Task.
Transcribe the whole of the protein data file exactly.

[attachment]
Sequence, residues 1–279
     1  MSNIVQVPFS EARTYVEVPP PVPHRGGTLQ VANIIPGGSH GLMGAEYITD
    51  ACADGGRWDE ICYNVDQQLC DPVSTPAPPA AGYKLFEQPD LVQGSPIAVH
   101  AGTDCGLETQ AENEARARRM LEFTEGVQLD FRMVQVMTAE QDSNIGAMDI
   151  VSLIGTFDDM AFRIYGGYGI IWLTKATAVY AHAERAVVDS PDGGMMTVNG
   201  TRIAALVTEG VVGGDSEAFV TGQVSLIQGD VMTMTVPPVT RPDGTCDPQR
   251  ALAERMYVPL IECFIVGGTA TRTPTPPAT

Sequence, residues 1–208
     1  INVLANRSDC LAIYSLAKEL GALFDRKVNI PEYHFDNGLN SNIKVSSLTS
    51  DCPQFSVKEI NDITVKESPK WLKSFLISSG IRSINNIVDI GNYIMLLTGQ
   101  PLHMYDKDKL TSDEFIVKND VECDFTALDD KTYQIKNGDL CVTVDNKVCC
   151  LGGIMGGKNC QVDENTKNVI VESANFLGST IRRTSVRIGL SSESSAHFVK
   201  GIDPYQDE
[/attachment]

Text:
Sequence, residues 1–279
     1  MSNIVQVPFS EARTYVEVPP PVPHRGGTLQ VANIIPGGSH GLMGAEYITD
    51  ACADGGRWDE ICYNVDQQLC DPVSTPAPPA AGYKLFEQPD LVQGSPIAVH
   101  AGTDCGLETQ AENEARARRM LEFTEGVQLD FRMVQVMTAE QDSNIGAMDI
   151  VSLIGTFDDM AFRIYGGYGI IWLTKATAVY AHAERAVVDS PDGGMMTVNG
   201  TRIAALVTEG VVGGDSEAFV TGQVSLIQGD VMTMTVPPVT RPDGTCDPQR
   251  ALAERMYVPL IECFIVGGTA TRTPTPPAT

Sequence, residues 1–208
     1  INVLANRSDC LAIYSLAKEL GALFDRKVNI PEYHFDNGLN SNIKVSSLTS
    51  DCPQFSVKEI NDITVKESPK WLKSFLISSG IRSINNIVDI GNYIMLLTGQ
   101  PLHMYDKDKL TSDEFIVKND VECDFTALDD KTYQIKNGDL CVTVDNKVCC
   151  LGGIMGGKNC QVDENTKNVI VESANFLGST IRRTSVRIGL SSESSAHFVK
   201  GIDPYQDE